The set up was night and day compared to what it was with the England senior team. There was a very professional attitude towards everything. That first year of the GB team none of the big name players were there, only Andrew Sullivan and Nate Reinking.

The next year, 2007, which was my last year with the GB team was Luol’s first year with the program. We had a first class training camp at the IMG facility in Bradenton, Florida. I could tell that the set up was getting better and better which ultimately would put the players and coaching staff in a better position to win.

What are your memories of helping get the team promoted from Division B to Division A?

Those 2 years I had with the GB team, 2006 and 2007, where we won promotion from the B division to the A division, was a great achievement. I knew we would gain promotion in the second year because of the talent we had on the team, that was the best national team I had been on.

Playing with the likes of Luol Deng, Andy Betts, Robert Archibald, Richard Midgley and Roger Huggins was special. However, in the 2006 games that group of players did a great job of putting the team in the position to win promotion in 2007.

Nate Reinking hit a huge shot at the buzzer to force overtime against Albania on the road. We went on to win the game and that was a crucial win in getting promotion.

You retired in 2010, finishing your career with the Everton (now Mersey) Tigers – how different was the league at the end compared to when you first joined?

I retired after 3 years playing for the Everton Tigers at the end of the 2010 season. The BBL league was much different from when I played for the Bullets in 1997-8. Every team but the Newcastle Eagles were playing in sports halls again, the organisation, the standard of play was not where it was at when I was with the Bullets. There were some very good players in the league like Andre Smith, Trey Moore, Joe Chapman and Olu Babalola but there was definitely a lack of depth on every roster.

Chris Haslam Everton Tigers 2010

Do you still like to follow the BBL/EB/British Basketball now and keep up to date with what is going on?

I don’t really follow the BBL much anymore. I try to follow what’s going on at the junior levels now because I am coaching and want to find out about the top young talent in the UK.

How did the transition come from playing to coaching? Why did you decide to coach?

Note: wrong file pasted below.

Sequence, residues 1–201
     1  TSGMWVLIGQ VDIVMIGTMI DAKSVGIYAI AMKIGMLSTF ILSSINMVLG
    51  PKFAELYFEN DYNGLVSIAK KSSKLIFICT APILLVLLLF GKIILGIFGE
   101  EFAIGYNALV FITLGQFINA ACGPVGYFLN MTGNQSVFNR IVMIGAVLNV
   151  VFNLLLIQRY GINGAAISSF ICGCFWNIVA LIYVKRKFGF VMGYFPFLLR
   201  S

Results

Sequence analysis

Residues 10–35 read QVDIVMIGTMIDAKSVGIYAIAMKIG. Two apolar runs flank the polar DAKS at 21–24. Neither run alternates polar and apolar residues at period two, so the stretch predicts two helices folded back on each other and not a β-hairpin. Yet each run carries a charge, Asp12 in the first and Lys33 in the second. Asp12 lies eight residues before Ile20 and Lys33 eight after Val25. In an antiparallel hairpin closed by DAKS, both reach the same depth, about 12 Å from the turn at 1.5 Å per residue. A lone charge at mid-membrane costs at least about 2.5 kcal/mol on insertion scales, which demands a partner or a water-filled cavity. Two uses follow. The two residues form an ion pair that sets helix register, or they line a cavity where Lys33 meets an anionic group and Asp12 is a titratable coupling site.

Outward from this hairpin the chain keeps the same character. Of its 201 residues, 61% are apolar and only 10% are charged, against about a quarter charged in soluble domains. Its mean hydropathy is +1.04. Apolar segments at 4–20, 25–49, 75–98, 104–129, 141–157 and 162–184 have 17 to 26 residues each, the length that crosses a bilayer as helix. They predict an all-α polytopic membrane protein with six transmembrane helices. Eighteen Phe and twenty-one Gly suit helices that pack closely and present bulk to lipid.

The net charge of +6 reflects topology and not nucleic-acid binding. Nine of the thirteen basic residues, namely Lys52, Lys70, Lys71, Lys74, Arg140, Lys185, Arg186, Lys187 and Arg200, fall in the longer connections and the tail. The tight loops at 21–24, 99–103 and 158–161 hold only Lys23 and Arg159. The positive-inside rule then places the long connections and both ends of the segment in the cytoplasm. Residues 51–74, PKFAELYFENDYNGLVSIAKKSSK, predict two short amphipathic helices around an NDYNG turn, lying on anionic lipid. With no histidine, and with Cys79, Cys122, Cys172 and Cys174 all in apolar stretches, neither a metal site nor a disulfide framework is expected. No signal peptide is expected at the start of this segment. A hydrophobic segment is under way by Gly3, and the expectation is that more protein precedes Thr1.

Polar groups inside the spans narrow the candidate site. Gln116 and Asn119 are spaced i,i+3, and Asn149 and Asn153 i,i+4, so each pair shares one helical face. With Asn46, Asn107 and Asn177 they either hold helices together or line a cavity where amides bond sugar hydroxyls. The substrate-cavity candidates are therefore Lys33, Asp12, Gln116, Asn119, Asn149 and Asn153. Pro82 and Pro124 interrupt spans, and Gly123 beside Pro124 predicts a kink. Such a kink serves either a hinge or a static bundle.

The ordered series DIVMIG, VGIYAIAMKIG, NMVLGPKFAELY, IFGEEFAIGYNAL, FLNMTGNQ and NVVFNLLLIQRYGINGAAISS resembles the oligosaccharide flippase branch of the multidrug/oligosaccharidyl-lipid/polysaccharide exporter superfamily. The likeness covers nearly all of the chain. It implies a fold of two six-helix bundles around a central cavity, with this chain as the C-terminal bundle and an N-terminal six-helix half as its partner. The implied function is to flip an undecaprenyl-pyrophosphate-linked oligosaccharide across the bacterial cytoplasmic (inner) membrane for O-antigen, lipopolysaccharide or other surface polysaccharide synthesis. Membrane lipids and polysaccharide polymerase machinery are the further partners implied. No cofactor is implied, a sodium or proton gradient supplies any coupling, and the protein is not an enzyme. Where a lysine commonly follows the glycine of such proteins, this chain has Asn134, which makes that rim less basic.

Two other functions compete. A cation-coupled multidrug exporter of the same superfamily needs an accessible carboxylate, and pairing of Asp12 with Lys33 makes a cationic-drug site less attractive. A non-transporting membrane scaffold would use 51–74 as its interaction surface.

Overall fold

I always knew I wanted to get into coaching after playing. I always liked the X’s and O’s side of the game, tactics, strategies etc. When Tony Garbelotto became Head Coach at the Tigers I talked to him about starting this transition. He was really helpful and allowed me to start to be involved in the scouting reports and game film breakdown. Then when the Tigers started their Academy program Tony asked me to be the Head Coach there.

You started at Everton Academy, why did you choose to move to the US to continue to coach? Was heading abroad again something that you had planned to do?

I always knew that I would eventually move to the US permanently. My wife is from Wyoming, we met whilst we were both at the university there. We got married after my 2nd year as a pro and she moved over to Europe with me. She fully supported me during my career, I dragged her all across Europe moving to new places and countries most years! I felt it was right for my family and I to live in the US when my playing days were over.

Along with yourself, a number of British coaches are now abroad – Tony in Germany, James Vear in Denmark, Tim Lewis in Japan, as well as other guys in the US college system – why do you think that is? Is it a similar story for coaches as it is for players – the best place to develop/have a career is overseas? Where do you think the UK is getting it wrong in terms of coach development? Do you have contact with British coaches/the BCAUK on a regular basis?

I know a lot of English coaches have moved abroad recently. It is a shame that this has happened but I think it is because of the lack of quality coaching opportunities that are available in the UK right now. There are some very talented young coaches in the UK right now such as Neal Hopkins, Marc Steutel, Tom Sadler who are working extremely hard to move up the coaching ladder. But because of the lack of opportunities in the UK right now there is the chance that they will look abroad also.